Efficient distribution of big data analytics for urban mobility applications

Eduardo Quiñones, Senior Researcher at the Barcelona Supercomputing Center and CLASS project coordinator, explains how the European project CLASS conceives a safer and smarter urban mobility environment.

Efficient distribution of big data analytics for urban mobility applications

Can you imagine a city where data is shared between city and cars in real time to implement intelligent traffic management and advanced driver assistance systems? This is the plan of the European H2020 project CLASS , which is working towards sustainable, efficient and safe mobility applications in future smart cities.

With total funding of €3.9 million, the CLASS project (edge and CLoud computation: A highly distributed Software for big data analyticS) aims to develop a novel software architecture framework to design, deploy and execute distributed big data analytics with real-time constraints for smart cities, connected cars and future autonomous vehicles. The CLASS software architecture will efficiently distribute big data workloads along the compute continuum (from the edge to the cloud) in a complete and transparent way, while providing real-time guarantees. CLASS is coordinated by the Barcelona Supercomputing Center (BSC), and contributed to by the City of Modena, University of Modena and Reggio Emilia, IBM Research, Atos and Maserati.

The capabilities of the CLASS framework are being evaluated on a real smart city use case in an area of Modena (Italy). The Modena Automotive Smart Area (MASA) represents an urban laboratory that features a heavy sensor and device infrastructure to collect real-time data, and network connectivity (4.5G, LTE) that enables the exchange of massive amounts of information. Moreover, Maserati provides three prototypes of highly connected cars equipped with the necessary vehicle-to-infrastructure (V2I) connectivity, and sensors to give innovative capabilities to drivers.

Designing the smart cities of the future

A key technological challenge of smart cities is the need to process extremely large amounts of complex and geographically distributed sources of data (citizens, traffic, vehicles, city infrastructures, IoT devices, etc.), combined with the additional need to deal with this information in real time. The existing data analytics systems are designed to provide either quick and reactive responses in real time (data-in-motion analysis) or thorough and more computationally intensive feedback based on the analysis of a vast amount of information (data-at-rest analysis). Although these options have been tackled separately, combining the two provides complementary capabilities and benefits.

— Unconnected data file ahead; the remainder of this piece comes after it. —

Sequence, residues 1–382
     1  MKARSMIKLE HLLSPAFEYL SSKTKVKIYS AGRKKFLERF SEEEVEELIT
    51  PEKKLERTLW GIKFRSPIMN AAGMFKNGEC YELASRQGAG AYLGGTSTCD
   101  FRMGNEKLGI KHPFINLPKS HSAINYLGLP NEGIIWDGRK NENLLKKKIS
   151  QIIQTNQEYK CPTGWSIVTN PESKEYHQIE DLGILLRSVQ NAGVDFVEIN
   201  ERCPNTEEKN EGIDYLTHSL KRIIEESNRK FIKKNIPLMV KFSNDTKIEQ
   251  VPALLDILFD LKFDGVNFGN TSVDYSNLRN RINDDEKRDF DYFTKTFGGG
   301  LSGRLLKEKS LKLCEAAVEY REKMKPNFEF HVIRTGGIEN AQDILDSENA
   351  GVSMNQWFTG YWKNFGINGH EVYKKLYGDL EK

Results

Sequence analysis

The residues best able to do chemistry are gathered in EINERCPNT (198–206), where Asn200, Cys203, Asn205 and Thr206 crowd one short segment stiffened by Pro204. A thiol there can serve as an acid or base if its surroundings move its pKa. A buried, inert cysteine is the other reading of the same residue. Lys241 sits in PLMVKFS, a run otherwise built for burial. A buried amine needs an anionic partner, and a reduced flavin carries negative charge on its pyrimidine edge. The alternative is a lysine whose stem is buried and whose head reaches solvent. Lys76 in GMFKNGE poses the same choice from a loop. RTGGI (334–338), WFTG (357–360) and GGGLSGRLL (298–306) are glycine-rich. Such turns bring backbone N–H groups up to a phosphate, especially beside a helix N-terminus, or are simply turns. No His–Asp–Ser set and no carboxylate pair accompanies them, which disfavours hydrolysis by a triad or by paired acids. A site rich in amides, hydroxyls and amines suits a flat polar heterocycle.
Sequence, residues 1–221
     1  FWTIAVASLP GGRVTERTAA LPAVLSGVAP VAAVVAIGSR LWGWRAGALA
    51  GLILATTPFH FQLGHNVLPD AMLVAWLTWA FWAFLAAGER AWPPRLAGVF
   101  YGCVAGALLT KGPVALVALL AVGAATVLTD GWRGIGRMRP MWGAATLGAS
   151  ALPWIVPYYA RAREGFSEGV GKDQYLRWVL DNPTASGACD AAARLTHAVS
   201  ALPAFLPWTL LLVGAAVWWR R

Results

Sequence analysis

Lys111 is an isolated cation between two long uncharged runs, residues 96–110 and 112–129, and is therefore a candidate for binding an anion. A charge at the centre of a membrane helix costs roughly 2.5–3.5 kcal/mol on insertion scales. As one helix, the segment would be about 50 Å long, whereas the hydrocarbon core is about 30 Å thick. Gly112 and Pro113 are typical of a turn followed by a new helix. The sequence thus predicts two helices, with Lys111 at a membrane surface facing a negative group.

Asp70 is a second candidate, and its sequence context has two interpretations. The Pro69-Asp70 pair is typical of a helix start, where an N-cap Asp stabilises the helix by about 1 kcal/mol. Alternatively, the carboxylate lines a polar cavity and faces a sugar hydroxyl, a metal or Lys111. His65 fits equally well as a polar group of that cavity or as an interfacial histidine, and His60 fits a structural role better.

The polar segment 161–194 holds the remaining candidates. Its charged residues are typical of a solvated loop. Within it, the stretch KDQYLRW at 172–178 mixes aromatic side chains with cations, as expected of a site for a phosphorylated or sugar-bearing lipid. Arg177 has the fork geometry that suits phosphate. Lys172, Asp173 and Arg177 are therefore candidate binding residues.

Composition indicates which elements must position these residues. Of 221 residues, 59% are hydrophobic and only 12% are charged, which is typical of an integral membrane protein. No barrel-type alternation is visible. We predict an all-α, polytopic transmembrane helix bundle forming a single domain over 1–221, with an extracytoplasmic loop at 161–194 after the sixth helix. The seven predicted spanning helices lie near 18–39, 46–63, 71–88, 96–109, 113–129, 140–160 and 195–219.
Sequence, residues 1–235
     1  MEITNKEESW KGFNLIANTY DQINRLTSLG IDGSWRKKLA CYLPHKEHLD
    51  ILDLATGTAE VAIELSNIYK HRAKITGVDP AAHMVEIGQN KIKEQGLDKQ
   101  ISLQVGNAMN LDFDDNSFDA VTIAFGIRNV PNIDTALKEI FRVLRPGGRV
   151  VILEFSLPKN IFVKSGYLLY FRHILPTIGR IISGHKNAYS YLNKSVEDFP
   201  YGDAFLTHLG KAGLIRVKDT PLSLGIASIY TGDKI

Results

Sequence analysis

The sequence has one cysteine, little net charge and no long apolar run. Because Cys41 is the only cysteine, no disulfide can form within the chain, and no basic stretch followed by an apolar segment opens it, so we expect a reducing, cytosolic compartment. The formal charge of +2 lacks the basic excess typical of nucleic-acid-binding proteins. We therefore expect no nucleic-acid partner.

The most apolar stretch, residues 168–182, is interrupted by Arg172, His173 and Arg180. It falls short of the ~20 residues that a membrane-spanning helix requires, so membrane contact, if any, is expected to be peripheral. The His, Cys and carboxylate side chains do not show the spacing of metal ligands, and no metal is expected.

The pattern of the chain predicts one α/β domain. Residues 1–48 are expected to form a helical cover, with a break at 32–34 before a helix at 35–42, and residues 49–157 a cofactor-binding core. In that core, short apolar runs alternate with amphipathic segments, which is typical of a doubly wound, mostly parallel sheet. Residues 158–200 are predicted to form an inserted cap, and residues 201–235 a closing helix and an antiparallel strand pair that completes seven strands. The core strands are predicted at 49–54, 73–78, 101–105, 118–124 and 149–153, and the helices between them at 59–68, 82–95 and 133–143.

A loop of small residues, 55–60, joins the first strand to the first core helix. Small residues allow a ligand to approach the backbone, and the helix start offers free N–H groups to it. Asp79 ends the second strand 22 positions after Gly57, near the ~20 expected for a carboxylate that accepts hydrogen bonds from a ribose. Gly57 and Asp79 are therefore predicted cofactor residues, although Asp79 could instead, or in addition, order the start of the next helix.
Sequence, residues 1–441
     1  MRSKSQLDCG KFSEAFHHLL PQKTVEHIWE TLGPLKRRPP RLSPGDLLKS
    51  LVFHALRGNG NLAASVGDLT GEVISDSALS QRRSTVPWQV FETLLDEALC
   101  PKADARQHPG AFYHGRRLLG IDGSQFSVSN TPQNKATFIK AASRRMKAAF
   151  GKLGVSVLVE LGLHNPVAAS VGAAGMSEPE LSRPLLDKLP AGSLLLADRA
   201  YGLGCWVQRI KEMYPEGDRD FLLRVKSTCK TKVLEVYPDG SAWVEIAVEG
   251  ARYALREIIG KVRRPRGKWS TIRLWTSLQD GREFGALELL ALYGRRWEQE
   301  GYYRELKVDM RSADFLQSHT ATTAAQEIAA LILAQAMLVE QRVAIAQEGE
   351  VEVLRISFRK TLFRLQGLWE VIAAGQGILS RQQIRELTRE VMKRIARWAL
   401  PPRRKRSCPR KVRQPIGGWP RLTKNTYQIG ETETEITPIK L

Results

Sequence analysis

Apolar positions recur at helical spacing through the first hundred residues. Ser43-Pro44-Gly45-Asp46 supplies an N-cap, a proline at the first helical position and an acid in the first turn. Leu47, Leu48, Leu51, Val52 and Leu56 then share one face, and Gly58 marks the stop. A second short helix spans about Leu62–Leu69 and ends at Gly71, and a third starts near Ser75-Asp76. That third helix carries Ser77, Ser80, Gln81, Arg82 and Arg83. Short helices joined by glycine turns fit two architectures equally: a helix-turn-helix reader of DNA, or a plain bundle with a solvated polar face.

The pressure that the newest smart systems requiring big data analytics and real-time requirements will put on computing systems can be efficiently addressed by devising a full distributed system architecture. Combined data-in-motion and data-at-rest analytics can be performed by efficiently coordinating resources across the compute continuum, from cloud – in which data-servers are located – to data sources and edge devices that are co-located with them.

On the edge computing side, the availability of new, highly-parallel heterogeneous embedded processor architectures, (e.g. GPUs, many-core fabrics, SoC-FPGAs) may enable the processing of complex data-in-motion analytic processes with a reduced cost and power consumption within vehicles or in cabinets installed across the city. Recently proposed techniques for the real-time elaboration of heavy streams of data collected from the physical world may allow for smart edge computing paradigms that significantly reduce the pressure on communication, processing and storage capabilities at cloud and data-centre level.

On the cloud computing side, data-in-motion analysis can be completed (and enriched) with data-at-rest analysis with a more efficient usage of server resources for executing big data workloads, implying higher throughput of execution (more workloads completed per time unit) and higher resource utilisation. Combined with the smart distribution along the compute continuum envisioned by CLASS, these techniques can significantly reduce the pressure on data centres. By doing so, reliable models can be built that are periodically updated and queried using high-accuracy data analytics algorithms.